The striking reduction of acute, infectious diseases is a testament to the successful collaboration of both science and society in its development and adoption of sanitation, safe water and food, hygiene, antibiotics and immunizations during the last 100 plus years. Safer work environments mean less environmental exposures, trauma and injury.
In addition, the presence of Alzheimer’s and suicide among the common primary causes of death today illustrates the complexity of how aging and mental health are impacting illness and survival. They further signal the reality that mental health has become an entirely new segment of concern in the ever-growing list of chronic diseases in our society. Although present for decades, the appearance of the Covid pandemic amplified the diseases of despair – alcoholism, opioid addiction and overdose deaths.
Older people have more chronic illnesses than younger individuals. But this is not necessarily due to the aging process itself. Yes, older individuals have various impairments, including vision, hearing, mobility and mental capabilities, but the important chronic illnesses such as heart disease, cancer, chronic lung and kidney disease and diabetes are related to long-term effects of lifestyle factors. For example, lung cancer occurs, on average, at age 72, but the steps leading to it began in someone’s teens and twenties when smoking began. Heart disease is more common among the elderly, but the process of creating atherosclerosis begins at a young age with the ingestion of the wrong foods, lack of exercise and good dose of chronic stress over a lifetime. Restated, it takes many years for coronary artery plaque to build up sufficient to cause a heart attack. Just because it occurs after age 65 does not imply that it was related to aging. Rather, it just says that the person has lived long enough for the progressive effects of poor and excessive diet, lack of exercise and related obesity, stress and smoking combined with genetic predispositions to finally have the effect of causing overt disease. Of course, the aging process diminishes the immune system and other body protective mechanisms so that acute and chronic diseases can more easily progress and manifest themselves.
This trend toward prolonged, chronic diseases now poses a new commensurate challenge for both science and society.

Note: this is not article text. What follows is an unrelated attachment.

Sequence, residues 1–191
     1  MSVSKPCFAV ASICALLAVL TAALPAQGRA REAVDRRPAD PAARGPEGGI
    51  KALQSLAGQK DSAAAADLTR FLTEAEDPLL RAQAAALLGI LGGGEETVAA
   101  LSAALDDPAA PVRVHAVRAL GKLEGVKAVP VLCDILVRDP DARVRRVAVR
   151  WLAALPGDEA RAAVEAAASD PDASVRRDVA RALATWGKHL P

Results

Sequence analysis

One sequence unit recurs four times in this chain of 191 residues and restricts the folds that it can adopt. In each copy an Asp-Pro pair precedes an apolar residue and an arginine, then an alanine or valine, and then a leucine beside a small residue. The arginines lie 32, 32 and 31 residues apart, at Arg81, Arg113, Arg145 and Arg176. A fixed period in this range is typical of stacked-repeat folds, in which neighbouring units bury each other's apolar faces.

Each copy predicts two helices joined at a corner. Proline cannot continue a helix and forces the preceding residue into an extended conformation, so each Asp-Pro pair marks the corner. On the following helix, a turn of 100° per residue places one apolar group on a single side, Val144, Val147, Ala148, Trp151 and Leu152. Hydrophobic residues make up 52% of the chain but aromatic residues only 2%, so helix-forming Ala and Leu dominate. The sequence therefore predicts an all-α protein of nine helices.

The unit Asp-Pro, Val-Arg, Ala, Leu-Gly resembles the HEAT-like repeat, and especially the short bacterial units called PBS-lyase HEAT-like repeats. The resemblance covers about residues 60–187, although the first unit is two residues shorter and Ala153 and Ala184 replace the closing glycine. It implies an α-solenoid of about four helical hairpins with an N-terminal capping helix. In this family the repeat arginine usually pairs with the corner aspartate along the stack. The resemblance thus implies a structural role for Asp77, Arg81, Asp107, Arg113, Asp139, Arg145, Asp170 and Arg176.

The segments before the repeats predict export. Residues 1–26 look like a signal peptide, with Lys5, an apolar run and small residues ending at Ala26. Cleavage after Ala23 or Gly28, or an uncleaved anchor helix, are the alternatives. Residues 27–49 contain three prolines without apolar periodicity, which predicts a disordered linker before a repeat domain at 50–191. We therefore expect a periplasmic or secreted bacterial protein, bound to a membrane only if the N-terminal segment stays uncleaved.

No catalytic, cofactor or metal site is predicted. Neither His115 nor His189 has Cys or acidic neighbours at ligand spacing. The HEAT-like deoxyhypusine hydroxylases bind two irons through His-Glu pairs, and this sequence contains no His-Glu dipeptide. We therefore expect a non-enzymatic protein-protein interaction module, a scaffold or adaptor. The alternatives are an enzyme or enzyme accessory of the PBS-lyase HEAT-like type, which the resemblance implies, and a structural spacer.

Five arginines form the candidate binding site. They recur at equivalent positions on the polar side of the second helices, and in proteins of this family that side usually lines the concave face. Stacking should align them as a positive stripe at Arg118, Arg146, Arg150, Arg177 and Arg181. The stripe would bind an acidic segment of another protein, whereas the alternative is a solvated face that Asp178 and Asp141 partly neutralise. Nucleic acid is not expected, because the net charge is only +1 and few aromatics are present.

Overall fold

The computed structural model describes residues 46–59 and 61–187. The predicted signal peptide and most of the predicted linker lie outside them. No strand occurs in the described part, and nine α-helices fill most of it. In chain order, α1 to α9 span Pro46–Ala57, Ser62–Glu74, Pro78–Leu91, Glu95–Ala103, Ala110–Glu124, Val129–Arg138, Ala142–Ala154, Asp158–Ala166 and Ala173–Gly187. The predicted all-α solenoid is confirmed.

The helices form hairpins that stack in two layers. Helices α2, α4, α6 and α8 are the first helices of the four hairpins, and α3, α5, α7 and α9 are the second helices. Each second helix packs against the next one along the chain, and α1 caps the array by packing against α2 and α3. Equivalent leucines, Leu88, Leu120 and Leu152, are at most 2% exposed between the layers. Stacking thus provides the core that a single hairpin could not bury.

The magnitude of the task at hand was illustrated 2007 by the Milken Institute in An Unhealthy America: The Economic Burden of Chronic Disease. They evaluated cancer, diabetes, hypertension, stroke, heart disease, pulmonary conditions and mental disorders. The study noted that nearly one half of Americans had one or more chronic illnesses and that “each has been linked to behavioral and/or environmental risk factors that broad-based prevention programs could address.”
Industry has also recognized that 75 percent of their healthcare costs go to the care of just a few diseases – each chronic and each largely preventable. Commercial insurers, primarily dealing with those under age 65, report that 70-85 percent of paid claims are for chronic illnesses. For Medicare, 85 percent of enrollees have at least one chronic illness, while more than 50 percent of enrollees have three or more chronic illnesses that require them to consume an average of 5 to 7 prescription medications per day.
In 2018 the Milken Institute put out a new comprehensive report entitled “The Costs of Chronic Diseases in the United States.” Here are the summary conclusions: “Americans’ chronic health problems and diseases not only come at the expense of individuals well-being; they also constitute a massive burden on the U.S. economy. When including the costs of lost economic productivity, the total costs of the varying types of chronic disease in the U.S. is equivalent to almost one-fifth of the American economy. In 2016, the total costs in the U.S. for direct health care treatment for chronic health conditions totaled $1.1 trillion—equivalent to nearly six percent of the nation’s GDP. The most expensive conditions in terms of direct health care costs are cardiovascular, diabetes, Alzheimer’s, and osteoarthritis.”